In Authoritarian Tajikistan, New Fatwa Condemns Criticism as “Sin”
Tajikistan’s state-appointed chief mufti has warned that cooperating with journalists or others who intend to “destabilize” the country, or criticizing the authoritarian government to such people, constitutes a “grave sin,” local media report.
The fatwa, according to AFP, includes any “criticism of the ruling powers.” "Criticism undermines trust in the authorities," warned Mufti Saidmukarram Abdulkodirzoda at Friday prayers in Dushanbe.
Abdulkodirzoda did not specify how Muslims are to identify the potentially perfidious reporters, or if they should avoid speaking with the media altogether, but journalists such as prominent editor Marat Mamadshoev said the fatwa is just the latest attack on their rights in the officially secular country.
Lawyer and opposition activist Rahmatillo Zoirov told Radio Ozodi that the fatwa would undermine laws on the freedom of the press (which officials often ignore) and that the clergy “has no right to interfere in the affairs of state.”
Moderate Muslims, including the opposition Islamic Renaissance Party, have also denounced the injunction, according to AFP.
It is not unusual, of course, for a leader to use his people's faith to enforce fealty. In Russia, where Tajik leaders look for inspiration, the Orthodox Church has become the moral mouthpiece for Vladimir Putin’s reign.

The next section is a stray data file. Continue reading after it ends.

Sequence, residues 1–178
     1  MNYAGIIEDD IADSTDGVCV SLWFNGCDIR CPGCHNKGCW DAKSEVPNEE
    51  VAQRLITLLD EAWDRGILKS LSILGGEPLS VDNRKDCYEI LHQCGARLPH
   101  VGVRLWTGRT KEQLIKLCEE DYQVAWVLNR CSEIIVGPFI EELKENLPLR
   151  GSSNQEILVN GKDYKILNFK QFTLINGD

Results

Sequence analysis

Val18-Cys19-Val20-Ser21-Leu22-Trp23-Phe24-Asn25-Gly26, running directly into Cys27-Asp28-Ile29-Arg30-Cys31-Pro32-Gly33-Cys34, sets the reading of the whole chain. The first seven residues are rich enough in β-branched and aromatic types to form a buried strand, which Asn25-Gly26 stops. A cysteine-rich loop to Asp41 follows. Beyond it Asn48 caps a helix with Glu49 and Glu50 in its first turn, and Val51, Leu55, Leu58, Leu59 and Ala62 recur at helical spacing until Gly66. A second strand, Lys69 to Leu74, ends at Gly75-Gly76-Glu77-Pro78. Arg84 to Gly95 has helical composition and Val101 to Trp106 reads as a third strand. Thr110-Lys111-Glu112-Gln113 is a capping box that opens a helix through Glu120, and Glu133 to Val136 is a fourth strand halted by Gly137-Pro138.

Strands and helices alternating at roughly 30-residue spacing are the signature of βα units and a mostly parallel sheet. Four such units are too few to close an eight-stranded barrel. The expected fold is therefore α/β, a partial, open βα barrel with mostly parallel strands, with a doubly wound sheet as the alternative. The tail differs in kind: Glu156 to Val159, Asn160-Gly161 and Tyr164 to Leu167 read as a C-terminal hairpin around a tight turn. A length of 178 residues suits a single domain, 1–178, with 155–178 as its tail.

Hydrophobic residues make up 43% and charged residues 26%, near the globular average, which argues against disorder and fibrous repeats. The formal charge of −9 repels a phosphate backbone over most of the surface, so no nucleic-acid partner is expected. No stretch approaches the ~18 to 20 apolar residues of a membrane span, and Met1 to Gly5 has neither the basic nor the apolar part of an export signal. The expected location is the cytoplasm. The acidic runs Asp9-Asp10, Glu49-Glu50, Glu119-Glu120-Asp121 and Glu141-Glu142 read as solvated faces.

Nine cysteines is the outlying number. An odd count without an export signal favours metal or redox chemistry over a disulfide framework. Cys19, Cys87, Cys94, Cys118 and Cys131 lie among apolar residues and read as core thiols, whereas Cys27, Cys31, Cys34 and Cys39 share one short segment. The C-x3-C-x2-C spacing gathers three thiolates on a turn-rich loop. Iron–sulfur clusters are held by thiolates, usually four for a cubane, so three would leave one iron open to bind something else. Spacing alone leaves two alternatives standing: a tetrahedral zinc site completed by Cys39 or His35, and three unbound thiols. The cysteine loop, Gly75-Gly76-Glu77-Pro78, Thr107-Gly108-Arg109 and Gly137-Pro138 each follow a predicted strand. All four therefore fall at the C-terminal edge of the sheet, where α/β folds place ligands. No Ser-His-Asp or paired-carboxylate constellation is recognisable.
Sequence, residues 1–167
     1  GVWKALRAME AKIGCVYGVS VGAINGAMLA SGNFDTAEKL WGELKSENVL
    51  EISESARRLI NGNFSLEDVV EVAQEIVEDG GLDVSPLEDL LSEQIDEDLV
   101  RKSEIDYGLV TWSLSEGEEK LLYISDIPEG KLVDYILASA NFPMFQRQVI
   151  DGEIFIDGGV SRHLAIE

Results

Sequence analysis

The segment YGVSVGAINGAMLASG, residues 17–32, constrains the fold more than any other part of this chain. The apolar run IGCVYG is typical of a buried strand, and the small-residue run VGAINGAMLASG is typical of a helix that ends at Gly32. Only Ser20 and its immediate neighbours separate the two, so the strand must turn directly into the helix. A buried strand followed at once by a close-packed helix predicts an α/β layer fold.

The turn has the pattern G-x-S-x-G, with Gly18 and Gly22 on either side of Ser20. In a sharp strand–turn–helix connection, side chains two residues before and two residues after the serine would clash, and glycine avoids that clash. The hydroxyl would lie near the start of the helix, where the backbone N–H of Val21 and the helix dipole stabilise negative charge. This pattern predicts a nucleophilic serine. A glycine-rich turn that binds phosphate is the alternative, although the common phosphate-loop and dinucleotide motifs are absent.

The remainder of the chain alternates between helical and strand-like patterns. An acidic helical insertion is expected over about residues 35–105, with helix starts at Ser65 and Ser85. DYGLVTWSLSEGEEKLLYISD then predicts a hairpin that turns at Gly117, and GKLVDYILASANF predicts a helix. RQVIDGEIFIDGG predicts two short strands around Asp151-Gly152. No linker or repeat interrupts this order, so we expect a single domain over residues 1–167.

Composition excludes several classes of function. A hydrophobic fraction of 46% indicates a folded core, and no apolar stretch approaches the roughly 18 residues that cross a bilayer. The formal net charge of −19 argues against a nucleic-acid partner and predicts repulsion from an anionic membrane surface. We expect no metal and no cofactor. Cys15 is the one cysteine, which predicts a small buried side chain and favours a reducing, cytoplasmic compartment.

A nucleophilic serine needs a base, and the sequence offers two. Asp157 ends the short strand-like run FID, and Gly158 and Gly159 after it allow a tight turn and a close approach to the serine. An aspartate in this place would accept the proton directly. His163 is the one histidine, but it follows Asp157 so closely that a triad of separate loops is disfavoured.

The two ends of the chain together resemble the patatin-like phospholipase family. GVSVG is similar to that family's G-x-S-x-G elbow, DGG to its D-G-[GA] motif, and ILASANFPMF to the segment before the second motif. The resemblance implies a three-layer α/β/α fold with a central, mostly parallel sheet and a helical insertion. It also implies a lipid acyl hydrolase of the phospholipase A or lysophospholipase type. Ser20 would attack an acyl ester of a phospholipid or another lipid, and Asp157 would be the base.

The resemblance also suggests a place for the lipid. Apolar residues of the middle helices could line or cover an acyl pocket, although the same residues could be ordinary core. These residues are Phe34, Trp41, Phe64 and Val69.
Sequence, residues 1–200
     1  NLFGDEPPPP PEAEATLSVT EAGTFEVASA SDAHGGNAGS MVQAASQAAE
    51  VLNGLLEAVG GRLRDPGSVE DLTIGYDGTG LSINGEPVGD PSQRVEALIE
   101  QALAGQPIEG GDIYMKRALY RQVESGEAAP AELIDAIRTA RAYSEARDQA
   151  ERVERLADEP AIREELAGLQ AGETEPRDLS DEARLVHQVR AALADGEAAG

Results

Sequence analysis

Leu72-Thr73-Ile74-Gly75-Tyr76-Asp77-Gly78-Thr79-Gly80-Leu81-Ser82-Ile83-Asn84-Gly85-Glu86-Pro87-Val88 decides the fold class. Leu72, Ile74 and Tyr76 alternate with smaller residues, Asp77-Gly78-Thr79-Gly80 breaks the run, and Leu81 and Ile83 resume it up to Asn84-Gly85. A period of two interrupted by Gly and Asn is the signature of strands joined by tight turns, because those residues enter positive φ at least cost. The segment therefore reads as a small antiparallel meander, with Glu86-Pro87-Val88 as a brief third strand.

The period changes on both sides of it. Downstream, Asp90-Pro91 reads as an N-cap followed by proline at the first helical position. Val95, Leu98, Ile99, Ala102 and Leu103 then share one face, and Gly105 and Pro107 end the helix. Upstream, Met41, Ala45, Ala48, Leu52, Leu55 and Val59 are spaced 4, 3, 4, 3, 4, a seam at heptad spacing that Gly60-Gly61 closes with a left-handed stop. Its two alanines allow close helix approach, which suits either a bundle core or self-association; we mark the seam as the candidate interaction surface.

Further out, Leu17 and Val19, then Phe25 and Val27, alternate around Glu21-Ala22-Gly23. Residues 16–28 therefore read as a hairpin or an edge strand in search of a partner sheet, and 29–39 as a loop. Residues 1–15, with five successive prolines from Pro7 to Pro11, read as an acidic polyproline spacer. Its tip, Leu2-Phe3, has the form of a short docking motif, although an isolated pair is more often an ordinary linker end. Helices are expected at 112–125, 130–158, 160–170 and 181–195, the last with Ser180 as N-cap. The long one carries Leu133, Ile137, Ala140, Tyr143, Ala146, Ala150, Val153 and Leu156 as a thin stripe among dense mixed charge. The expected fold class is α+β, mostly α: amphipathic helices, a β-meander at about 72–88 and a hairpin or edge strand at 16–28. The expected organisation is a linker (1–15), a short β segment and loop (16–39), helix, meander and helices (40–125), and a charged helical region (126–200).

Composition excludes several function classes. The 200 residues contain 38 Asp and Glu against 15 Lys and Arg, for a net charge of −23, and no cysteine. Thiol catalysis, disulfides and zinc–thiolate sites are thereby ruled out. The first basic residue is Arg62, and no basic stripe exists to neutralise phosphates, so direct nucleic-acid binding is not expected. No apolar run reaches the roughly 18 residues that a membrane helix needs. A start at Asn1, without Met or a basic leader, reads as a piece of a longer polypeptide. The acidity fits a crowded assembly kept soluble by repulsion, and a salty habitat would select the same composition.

Tajikistan has also imitated the Kremlin’s anti-Western rhetoric in recent months, blaming outsiders, particularly foreigners, for phantom plots in apparent attempts to distract from officials’ shortcomings.
Yet in Tajikistan, Emomali Rakhmon’s government has an ambivalent relationship with Islam: Perpetually alarmed by its growing influence, the authorities persecute Muslims who do not obey Rakhmon’s handpicked clergy—from arresting dozens on what often appear to be trumped-up terrorism charges to forcing men to shave their beards.
The mufti’s order on criticizing the state comes amid concerns that young men are being drawn to fight alongside radicals in Syria. If the government’s more heavy-handed policies can look as if they were designed to nudge young men into the militants’ arms, the latest fatwa promises less ominous consequences.
One Dushanbe resident, asked for his opinion, said the vast majority would just ignore it, as they generally ignore the official clergy’s pronouncements.
David Trilling is Eurasianet’s managing editor.